Do You Know Where to Start Your Flower Seeds?

How do you choose whether to start seeds indoors or wait and start them outside? There are a few key things to consider when making this decision.

  • Light. Seeds that need light to germinate can be difficult to direct sow. The wind can easily blow them away, but a controlled environment lets us protect surface-sown seeds. If a seed must be covered by soil to germinate, it’s a better candidate for direct sowing.
  • Temperature. Seeds that germinate at the soil temperatures which naturally exist outside in our climate can be direct sown, but if we need a colder or warmer soil temperature for germination, we choose to start indoors on a heat mat or the cool barn or basement.
  • Size. Very small seeds produce very small seedlings, and a blustery early-spring environment can be too harsh. If seeds needs extra growing time in a controlled environment to “beef up,” we start indoors. Caution: don’t baby your seedlings too much, or they’ll never be strong enough to weather the weather. We start the hardening-off process in a passive solar greenhouse as soon as possible to prevent stretching and to promote root growth in cooler growing temperatures.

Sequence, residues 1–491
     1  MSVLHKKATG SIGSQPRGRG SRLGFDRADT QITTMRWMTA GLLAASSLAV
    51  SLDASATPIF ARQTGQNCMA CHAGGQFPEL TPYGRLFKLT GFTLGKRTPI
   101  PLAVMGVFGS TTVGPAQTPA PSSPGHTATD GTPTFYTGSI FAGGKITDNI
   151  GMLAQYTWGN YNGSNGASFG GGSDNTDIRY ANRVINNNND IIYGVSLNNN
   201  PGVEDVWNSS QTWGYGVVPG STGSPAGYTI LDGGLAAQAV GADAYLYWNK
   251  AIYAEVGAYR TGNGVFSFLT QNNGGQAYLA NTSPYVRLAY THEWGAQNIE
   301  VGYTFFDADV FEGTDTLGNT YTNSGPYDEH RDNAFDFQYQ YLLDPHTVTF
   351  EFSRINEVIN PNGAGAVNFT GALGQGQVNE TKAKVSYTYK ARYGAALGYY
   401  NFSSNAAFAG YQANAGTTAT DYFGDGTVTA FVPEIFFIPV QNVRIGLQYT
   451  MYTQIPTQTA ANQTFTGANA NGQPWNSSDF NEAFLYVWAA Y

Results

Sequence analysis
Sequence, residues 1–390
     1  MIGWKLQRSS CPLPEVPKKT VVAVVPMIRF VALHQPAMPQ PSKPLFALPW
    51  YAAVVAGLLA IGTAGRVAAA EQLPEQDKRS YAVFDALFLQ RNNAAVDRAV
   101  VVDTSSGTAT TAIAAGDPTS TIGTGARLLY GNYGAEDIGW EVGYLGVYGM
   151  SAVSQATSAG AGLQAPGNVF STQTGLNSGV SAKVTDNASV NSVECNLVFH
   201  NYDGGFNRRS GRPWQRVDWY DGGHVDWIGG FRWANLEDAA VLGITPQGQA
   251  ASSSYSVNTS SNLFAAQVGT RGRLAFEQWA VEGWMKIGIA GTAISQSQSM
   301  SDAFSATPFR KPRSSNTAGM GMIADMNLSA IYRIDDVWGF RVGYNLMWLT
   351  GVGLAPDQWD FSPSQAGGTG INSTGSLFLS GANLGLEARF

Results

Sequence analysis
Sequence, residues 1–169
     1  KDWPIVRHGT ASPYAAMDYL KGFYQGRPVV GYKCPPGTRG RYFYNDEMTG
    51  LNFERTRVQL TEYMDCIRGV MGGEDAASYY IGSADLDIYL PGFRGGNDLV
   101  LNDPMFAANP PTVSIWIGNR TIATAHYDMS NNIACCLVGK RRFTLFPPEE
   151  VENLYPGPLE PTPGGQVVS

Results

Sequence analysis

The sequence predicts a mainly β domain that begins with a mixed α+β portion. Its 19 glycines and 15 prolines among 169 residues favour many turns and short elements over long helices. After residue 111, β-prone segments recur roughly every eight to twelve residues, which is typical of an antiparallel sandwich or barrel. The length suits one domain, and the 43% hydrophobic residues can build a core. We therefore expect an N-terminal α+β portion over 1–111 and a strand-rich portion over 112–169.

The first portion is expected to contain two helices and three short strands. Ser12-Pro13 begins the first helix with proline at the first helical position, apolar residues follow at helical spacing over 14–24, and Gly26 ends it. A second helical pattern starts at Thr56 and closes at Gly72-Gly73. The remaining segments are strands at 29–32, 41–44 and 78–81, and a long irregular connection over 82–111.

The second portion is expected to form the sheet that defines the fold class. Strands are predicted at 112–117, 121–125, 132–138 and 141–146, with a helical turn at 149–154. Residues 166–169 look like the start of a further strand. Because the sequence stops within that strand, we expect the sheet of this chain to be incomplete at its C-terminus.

• Time to maturity. If a variety needs a longer growing period than my seasonality allows, I will start indoors to give the seedlings extra growing time before planting in the field after our last late-April frost.
  • Availability/Difficulty. I am more protective of very precious seeds. If seeds are hard to obtain, if they are extra-tricky to germinate, or even if I just want to observe and “love on them” a little more, I’ll choose to start indoors.

We made a free downloadable flow chart to help you figure out if you should start your seeds inside or direct sow them outside.

Click on the image to open it up in a new tab. Then right click on it and choose the option to download.